Fire destroys South Lodge:

On 12/28, a structure fire destroyed the South Lodge at the Homewood Mountain Resort. Hours after being reported crews were still working to knock flames down (the cause is still under investigation). If there is an upside, it is that this happened while the buildings were surrounded by snow and ice, mass numbers of vehicles were not on the roadways, and nearby homes and other buildings faced lower threats of ignition than if such a fire occurred during the dry, populated summer months. However, this is yet another example of why we must be prepared to deal with fire emergencies and to fully engage the public in plans for such situations (more below).

Homewood Evacuation Plan:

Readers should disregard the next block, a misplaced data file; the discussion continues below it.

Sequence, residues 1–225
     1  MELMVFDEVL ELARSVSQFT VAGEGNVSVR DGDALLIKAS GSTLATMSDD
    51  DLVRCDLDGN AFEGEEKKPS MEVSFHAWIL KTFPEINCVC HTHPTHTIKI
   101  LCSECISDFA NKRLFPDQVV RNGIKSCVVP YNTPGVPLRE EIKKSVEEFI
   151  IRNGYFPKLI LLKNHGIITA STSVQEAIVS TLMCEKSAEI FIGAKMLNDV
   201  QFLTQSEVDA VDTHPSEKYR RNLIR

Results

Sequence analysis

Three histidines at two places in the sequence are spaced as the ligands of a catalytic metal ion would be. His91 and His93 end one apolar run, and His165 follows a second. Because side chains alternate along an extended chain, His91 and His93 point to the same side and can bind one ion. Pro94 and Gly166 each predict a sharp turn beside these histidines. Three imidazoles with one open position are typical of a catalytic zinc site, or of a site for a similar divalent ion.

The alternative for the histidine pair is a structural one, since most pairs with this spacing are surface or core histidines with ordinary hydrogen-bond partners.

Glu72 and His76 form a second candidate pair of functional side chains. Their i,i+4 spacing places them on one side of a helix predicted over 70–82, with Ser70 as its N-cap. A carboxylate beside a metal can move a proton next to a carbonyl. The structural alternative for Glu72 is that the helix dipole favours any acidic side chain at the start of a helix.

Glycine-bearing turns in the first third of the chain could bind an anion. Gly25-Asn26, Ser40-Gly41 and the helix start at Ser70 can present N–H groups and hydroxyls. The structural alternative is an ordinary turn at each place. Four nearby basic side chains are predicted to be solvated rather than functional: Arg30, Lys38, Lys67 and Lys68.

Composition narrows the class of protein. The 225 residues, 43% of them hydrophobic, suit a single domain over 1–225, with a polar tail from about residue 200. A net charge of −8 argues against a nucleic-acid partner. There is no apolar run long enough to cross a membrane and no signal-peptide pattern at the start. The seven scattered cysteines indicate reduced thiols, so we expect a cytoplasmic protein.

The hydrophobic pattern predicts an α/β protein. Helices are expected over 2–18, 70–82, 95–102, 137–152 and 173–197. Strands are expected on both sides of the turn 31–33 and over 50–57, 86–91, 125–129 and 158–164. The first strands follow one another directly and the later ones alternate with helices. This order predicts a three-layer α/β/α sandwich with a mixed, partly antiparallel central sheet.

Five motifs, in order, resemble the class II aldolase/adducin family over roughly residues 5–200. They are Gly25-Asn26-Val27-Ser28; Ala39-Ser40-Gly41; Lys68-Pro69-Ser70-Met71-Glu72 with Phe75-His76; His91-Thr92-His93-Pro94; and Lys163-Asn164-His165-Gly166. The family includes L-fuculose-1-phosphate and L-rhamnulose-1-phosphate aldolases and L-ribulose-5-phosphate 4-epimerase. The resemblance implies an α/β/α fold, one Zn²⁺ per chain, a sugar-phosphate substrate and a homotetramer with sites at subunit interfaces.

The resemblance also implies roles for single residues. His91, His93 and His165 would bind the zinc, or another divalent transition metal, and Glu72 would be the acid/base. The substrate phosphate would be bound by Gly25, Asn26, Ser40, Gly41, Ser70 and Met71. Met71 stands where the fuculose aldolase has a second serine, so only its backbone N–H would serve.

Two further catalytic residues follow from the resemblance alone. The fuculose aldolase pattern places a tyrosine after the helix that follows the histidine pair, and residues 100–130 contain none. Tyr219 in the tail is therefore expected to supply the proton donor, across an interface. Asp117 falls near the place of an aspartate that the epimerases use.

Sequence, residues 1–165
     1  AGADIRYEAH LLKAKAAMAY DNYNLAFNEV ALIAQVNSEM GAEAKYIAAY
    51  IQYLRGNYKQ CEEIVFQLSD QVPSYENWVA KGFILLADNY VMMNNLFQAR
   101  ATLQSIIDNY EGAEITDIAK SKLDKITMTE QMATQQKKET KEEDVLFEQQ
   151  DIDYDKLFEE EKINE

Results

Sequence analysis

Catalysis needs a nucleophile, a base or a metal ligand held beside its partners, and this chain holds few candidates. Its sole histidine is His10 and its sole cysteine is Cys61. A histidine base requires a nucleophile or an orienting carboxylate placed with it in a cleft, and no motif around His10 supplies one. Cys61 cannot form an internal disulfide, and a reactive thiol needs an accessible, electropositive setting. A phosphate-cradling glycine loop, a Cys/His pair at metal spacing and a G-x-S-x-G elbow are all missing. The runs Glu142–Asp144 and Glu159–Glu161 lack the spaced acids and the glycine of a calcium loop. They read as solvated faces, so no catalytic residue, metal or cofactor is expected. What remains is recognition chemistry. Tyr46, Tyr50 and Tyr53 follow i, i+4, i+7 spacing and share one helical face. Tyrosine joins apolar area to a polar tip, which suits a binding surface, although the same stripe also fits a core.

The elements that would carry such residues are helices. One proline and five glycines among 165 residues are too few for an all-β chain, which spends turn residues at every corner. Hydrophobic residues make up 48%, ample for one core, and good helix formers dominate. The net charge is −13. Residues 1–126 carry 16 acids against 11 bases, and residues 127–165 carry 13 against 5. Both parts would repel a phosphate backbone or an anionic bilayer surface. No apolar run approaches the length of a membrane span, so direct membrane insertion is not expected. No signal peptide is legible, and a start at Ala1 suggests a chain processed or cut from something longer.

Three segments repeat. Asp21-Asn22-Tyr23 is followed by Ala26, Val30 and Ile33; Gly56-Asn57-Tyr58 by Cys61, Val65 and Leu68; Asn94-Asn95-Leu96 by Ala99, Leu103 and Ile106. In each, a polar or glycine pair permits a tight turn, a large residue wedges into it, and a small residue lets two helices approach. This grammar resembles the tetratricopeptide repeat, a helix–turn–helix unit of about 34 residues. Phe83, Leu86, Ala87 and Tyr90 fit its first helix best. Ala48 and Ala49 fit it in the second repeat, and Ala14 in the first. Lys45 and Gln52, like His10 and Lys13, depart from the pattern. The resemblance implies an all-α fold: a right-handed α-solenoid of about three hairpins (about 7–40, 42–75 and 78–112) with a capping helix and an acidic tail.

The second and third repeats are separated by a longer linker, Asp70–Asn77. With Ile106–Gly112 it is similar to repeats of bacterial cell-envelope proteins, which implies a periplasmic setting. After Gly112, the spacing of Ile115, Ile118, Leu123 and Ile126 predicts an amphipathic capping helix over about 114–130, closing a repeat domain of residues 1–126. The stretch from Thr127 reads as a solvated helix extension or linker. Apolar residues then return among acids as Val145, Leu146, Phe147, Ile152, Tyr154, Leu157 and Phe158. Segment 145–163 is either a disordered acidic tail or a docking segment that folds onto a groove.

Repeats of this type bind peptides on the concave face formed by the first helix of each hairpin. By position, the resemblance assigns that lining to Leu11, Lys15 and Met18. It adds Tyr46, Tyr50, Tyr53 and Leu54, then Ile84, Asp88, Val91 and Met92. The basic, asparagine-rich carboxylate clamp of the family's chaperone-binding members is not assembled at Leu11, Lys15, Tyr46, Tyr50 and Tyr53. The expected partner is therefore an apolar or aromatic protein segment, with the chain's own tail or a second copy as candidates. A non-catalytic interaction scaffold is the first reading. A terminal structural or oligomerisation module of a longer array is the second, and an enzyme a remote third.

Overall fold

West Shore residents have been waiting for the public meeting regarding the September 2016 Homewood Evacuation and Life Safety Report (Evacuation Plan) released as a result of the Settlement Agreement between the California Clean Energy Committee (CCEC) and Homewood Village Resort, LLC (HVR). The CCEC was supposed to be notified of the meeting and subsequently planned to inform FOWS and others, however the CCEC reported that they were not informed by HVR or Placer County representatives when the item was included on the North Tahoe Fire Protection District (NTFPD) 12/14/2016 Board agenda. In addition, HVR and Placer County failed to undertake reasonable efforts to inform the public as is their responsibility; no information was advertised on relevant websites or social media, nor were interested parties sent notices. As a result, most of the public remained unaware of this meeting. FOWS has requested another meeting - this time with adequate public notice - and encourages you to write the NTFPD (the party responsible for responding to public comments on the Evacuation Plan) to also request another public meeting with proper advertisement.